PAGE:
Survivor: Mad Ave. | Adweek
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Survivor: Mad Ave.

  • April 30, 2001, 12:00 AM EDT
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Like millions of others with nothing better to do on Thursday nights, I've munched on snack food while watching half-naked fortune seekers munch dried grasshoppers. I've scratched my belly as these fame chasers scratch their mosquito-bitten legs, fighting the elements and each other, hoping to stick around long enough for this week's finale.

So Survivor isn't Club Med. For a million bucks—and more in product endorsements, book deals and talk-show appearances—it better not be.

I'm not surprised Survivor is doing so well. It's a great concept. Like an effective ad campaign, it's based on a simple idea that can easily be pooled out. Just pick a new batch of players, choose the next exotic location and every six months you've got another ratings winner.

There's also the merchandising possibilities: T-shirts, bandannas, trading cards, videos, CD-ROMs, board games, fast-food tie-ins, Halloween masks, you name it. It's a case study in branding.

Credit CBS. At a time when network broadcast seemed mired in the tar pits, Survivor proves you don't need high-priced actors, fancy production or a Gen X theme to score big. Again, it comes down to a great concept. Whether it's TV or advertising, it's the core of any marketing success.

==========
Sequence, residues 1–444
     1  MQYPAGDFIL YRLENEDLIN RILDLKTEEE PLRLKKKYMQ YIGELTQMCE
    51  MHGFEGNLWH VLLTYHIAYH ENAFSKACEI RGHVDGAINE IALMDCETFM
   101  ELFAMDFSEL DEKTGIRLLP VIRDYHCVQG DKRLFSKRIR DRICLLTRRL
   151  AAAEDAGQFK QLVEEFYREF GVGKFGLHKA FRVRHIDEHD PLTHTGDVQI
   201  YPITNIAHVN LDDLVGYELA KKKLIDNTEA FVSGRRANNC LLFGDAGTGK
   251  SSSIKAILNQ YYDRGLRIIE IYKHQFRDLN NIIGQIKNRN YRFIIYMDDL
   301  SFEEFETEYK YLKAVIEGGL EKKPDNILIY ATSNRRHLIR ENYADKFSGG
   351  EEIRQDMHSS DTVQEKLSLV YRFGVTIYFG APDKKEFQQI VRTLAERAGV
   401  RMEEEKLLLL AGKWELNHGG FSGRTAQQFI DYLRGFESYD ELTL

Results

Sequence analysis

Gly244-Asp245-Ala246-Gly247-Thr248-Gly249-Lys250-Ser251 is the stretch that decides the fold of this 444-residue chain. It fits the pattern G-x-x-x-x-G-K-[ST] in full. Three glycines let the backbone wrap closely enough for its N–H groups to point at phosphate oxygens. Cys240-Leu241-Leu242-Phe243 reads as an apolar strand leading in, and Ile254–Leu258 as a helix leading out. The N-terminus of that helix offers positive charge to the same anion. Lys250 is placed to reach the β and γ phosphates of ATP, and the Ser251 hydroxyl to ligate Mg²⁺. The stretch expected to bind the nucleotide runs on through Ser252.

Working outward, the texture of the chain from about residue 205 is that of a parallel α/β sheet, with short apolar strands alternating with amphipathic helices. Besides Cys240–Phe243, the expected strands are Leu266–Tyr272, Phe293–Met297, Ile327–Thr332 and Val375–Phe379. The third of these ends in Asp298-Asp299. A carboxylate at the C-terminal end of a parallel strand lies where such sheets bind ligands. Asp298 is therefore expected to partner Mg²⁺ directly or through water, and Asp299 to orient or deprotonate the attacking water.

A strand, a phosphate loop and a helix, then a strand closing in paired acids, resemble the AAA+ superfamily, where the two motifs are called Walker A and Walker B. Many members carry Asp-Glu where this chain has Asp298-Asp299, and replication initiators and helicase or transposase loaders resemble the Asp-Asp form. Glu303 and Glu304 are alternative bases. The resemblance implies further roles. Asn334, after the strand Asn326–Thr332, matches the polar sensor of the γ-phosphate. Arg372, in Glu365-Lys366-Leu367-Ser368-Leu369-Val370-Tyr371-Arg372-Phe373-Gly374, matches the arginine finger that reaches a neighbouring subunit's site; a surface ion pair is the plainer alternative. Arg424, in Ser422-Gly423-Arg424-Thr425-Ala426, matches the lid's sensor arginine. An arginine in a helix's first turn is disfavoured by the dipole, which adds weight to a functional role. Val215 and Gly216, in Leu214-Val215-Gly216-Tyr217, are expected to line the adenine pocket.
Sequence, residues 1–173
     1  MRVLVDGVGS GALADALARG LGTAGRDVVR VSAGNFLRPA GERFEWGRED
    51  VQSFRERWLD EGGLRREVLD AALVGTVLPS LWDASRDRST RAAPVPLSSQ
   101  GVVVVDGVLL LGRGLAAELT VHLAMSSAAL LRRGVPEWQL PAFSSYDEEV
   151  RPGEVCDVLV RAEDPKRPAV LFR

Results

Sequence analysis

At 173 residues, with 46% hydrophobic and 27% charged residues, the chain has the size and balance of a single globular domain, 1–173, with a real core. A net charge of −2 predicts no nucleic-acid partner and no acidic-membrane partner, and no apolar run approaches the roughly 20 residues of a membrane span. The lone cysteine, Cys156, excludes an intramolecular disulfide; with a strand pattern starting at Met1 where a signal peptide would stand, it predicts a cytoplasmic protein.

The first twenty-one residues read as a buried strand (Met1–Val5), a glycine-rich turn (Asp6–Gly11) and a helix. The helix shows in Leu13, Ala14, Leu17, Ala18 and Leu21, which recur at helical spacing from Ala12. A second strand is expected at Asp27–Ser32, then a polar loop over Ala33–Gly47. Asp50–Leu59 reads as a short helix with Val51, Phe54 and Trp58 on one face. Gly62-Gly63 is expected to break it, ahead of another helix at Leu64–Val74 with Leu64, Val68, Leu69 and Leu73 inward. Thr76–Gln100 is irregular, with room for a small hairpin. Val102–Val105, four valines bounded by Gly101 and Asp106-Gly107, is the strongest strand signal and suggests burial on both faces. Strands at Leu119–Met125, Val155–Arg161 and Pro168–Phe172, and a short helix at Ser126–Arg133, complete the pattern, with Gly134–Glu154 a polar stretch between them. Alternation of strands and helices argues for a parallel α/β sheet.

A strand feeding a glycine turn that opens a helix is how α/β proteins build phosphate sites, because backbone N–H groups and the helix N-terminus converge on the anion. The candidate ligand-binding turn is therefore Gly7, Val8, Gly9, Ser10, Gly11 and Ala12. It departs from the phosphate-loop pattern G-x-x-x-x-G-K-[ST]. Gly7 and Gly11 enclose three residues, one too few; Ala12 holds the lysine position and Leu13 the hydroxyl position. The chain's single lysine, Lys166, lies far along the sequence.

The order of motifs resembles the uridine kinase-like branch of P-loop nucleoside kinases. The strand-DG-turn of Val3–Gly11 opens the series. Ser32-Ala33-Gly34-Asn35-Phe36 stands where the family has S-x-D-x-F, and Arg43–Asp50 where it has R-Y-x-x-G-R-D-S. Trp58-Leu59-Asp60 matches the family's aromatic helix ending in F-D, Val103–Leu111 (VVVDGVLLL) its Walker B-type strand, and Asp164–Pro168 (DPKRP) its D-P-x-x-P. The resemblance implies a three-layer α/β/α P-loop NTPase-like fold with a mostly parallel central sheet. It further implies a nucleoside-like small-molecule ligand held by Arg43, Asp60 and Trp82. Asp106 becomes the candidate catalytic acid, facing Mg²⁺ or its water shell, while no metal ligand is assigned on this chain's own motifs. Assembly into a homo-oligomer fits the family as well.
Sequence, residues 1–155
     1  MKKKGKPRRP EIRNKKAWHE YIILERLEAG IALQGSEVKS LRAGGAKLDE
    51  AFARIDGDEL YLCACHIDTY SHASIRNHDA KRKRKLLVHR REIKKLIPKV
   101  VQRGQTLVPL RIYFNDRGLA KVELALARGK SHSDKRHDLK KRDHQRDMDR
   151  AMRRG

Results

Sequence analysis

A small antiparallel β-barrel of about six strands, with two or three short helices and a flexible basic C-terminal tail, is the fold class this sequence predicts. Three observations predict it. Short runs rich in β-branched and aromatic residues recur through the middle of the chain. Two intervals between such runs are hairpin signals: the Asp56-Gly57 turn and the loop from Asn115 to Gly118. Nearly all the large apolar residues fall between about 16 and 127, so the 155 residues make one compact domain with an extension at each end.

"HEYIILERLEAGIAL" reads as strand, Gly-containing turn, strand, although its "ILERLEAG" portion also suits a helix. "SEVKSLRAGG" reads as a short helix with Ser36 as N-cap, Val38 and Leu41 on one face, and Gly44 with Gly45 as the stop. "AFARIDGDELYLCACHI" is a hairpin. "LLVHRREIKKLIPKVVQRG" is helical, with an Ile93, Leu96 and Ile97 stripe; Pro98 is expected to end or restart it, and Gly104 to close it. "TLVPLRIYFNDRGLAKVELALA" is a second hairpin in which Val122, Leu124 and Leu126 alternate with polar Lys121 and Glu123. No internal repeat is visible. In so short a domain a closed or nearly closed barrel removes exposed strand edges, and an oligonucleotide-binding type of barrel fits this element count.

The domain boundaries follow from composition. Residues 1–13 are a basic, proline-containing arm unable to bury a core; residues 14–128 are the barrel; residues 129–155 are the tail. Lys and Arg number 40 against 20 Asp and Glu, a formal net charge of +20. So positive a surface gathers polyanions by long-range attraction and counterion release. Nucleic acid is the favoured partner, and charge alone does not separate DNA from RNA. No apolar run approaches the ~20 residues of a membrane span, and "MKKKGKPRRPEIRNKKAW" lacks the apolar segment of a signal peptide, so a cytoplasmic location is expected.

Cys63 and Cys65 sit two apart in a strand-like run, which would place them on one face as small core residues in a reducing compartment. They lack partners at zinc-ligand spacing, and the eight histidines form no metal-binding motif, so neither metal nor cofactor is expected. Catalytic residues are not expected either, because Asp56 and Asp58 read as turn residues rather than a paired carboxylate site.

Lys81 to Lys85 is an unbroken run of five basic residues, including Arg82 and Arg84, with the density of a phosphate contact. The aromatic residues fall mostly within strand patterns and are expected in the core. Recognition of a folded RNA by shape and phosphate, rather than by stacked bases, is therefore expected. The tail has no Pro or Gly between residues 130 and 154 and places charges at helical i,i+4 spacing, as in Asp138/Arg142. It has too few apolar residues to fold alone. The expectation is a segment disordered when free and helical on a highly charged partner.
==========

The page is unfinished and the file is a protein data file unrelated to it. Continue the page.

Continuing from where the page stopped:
On a more personal level, I've gleaned a few pearls of Survivor wisdom that can easily be applied to the ad business.

• Success depends on alliances. To be a winner, you need to be part of a winning team. Choose partners, associates and clients carefully.

• You need to be a team player, but only to a point. Be cooperative, but don't be blind or naive. Survival depends on self-preservation.

• You can only control so much. No matter what steps you take, some things are beyond your control. Be adaptable until you can take corrective action to improve the situation.

• Embrace the challenge. Rather than avoiding obstacles, view them as necessary stepping stones toward reaching your goal. If you succeed, you'll feel exhilarated. If not, there's always the next one.

• Have a clear, worthwhile goal. You'll never perform your best without one, and it'll keep you focused and motivated.

Moving forward, I think the big challenge Survivor will face is how to stay fresh after folks have seen a half dozen or so versions of it. Can we eventually expect to see Celebrity Survivor? L.A. Gang Survivor? Survivor: WWF? It's anyone's guess.

But before it gets syndicated on Fox with NFL Cheerleader Survivor, I'd like to see the producers choose a location that offers a different kind of challenge. Survivor: Mad Ave.

Imagine these glory seekers plunged into six-hour meetings, working consecutive weekends, trying to confirm a lunch date. See who can hold out the longest when the client wants the logo bigger. And bigger. And bigger. Give 'em a cell phone and a 10-minute deadline to schedule drinks with a client who just put his account in review. See who's the first to grab a cab during a rainy rush hour lugging a gargantuan portfolio case.

Better yet, stick 'em in a stalled E train with some fat guy's armpit in their face.

Now that's must-see TV.